Add it all up and you get more than $18 trillion in real, hard hidden debt states must start paying off now even as reckless spending and borrowing continue.

All of this is at a time when state and local government tax revenues through the third quarter of 2010 are $22 billion above the record high in 2007. Yet despite tax revenues higher than just two years before, operating budget deficits are – optimistically — $26.7 billion for the current fiscal year and at least $82.1 billion next year, according to the National Conference of State Legislatures.

CBPP projects $125 billion in 2012 operating deficits for all states. So, even with tax revenues returning to historic levels, our leaders are spending even faster than they can squeeze it out of beleaguered citizens.

But wait, it gets worse. This off-the-books debt tally does not include at least $40 billion – and growing – the states owe the federal government for unemployment insurance loans they must start paying interest on this year.

It does not include billions more owed the federal government for Medicaid.

It does not include unknown billions in sucker-punch financial deals such as variable rate demand obligations, auction rate securities and interest rate swaps that state and local officials fell for.  The Securities and Exchange Commission is trying to figure that one out now.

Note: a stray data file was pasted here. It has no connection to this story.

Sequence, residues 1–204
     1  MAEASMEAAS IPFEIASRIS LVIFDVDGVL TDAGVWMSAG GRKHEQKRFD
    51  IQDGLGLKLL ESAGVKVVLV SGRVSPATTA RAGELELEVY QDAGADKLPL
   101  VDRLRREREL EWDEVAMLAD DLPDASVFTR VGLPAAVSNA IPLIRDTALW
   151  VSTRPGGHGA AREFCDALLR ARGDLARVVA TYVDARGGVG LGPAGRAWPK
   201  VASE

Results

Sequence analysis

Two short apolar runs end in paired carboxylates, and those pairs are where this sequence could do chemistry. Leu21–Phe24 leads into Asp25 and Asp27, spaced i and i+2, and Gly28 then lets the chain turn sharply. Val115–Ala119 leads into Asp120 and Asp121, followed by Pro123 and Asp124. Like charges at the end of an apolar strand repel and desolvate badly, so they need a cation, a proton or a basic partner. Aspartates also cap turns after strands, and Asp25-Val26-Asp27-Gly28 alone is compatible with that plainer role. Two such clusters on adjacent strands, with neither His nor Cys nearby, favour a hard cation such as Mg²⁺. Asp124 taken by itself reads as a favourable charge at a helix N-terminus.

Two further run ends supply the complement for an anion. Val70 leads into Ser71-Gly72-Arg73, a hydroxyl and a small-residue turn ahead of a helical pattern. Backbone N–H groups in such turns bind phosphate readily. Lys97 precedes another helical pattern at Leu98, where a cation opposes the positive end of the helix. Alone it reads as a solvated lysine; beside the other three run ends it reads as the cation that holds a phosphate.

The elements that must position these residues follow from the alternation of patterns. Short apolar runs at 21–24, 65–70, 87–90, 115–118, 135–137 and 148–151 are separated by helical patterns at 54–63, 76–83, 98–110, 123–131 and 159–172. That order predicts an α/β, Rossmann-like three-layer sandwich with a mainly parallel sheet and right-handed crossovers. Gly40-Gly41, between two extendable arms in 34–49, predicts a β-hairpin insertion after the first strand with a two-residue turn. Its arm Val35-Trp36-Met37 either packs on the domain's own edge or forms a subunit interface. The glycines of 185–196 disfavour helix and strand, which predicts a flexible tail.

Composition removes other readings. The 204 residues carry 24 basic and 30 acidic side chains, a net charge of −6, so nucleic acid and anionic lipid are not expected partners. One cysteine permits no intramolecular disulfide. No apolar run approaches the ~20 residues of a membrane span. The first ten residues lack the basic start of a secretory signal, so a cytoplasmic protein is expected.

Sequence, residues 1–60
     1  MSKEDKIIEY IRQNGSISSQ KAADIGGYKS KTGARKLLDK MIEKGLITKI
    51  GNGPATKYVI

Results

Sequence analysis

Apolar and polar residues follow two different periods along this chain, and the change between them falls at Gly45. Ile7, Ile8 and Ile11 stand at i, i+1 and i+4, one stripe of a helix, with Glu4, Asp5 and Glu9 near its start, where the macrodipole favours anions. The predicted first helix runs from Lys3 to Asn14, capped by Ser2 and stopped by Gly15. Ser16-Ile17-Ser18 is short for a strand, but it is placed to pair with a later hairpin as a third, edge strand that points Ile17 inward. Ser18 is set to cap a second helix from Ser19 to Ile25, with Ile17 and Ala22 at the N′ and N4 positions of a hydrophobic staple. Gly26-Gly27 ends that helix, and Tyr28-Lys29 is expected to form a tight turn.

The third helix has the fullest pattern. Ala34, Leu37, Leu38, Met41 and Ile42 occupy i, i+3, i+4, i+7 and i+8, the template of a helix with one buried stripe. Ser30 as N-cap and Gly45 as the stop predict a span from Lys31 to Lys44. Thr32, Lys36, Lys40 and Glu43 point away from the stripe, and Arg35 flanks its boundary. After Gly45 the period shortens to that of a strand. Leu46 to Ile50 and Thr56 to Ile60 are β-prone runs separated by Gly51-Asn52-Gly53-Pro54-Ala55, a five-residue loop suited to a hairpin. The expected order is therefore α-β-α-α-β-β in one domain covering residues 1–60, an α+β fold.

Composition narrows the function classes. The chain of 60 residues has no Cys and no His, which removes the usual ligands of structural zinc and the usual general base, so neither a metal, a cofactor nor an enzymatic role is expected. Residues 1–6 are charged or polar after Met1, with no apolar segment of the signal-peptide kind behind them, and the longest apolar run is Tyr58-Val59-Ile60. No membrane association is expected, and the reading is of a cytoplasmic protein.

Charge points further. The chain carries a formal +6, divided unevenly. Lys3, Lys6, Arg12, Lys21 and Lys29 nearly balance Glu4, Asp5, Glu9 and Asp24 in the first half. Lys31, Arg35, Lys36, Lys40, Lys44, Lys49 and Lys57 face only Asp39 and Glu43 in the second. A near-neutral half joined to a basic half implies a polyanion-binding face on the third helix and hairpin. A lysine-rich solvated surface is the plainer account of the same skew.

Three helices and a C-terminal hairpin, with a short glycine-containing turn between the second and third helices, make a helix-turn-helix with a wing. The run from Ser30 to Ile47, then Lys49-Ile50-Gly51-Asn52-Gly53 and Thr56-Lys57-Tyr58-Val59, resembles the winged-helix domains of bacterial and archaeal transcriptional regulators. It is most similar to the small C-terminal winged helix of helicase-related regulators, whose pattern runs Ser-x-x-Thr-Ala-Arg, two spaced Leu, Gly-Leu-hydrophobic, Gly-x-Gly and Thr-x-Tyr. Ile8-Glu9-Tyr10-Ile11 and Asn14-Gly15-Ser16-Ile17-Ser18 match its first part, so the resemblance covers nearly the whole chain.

Nor does it include deferred casualty and liability “self-insurance” premiums, sale and leaseback of government assets, borrowing to pay current expenses, shifting payroll into the next year, unpaid contractors and suppliers, and all of the other accounting tricks our politicians have used to delay the day of reckoning.

Well, the day of reckoning is here.

It’s time to put any political posturing and maneuvering behind us. This one is historic even if the conflicting estimates are only half right.

State bankruptcy must be part of the solution because whether they can declare it or not, our states as a whole already are bankrupt.  

Frank Keegan is a national editor for The Franklin Center for Government and Public Integrity, and . Any disgusted public employee, journalist, activist organization or citizen watchdog who wants help exposing government waste, fraud and abuse may contact him at: [email protected] .

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6 Responses to “States are bankrupt whether they can declare it or not”

  1. […] and municipalities are in for 50 years of deep cuts, best case.   Worst case? My estimate is $18 trillion as of 2009, with more than 50 years of even deeper cuts.   As for the true federal deficit, […]

  2. […] because of relatively low apparent tax burden.   The hidden real total is at least $18 trillion, about 15 months of total U.S. gross domestic product.   Here are some things to […]

  3. […] hidden real total is at least $18 trillion, about 15 months of total U.S. gross domestic […]

  4. […] bond ….” The only problem with that is under current standards for state and local government accounting and reporting, it’s virtually impossible to find out how deep in debt any state or local government really is. […]

  5. […] only problem with that is under current standards for state and local government accounting and reporting, it’s virtually impossible to find out how deep in debt any state or local government really […]

  6. […] case? My estimate is $18 trillion as of 2009, with more than 50 years of even deeper […]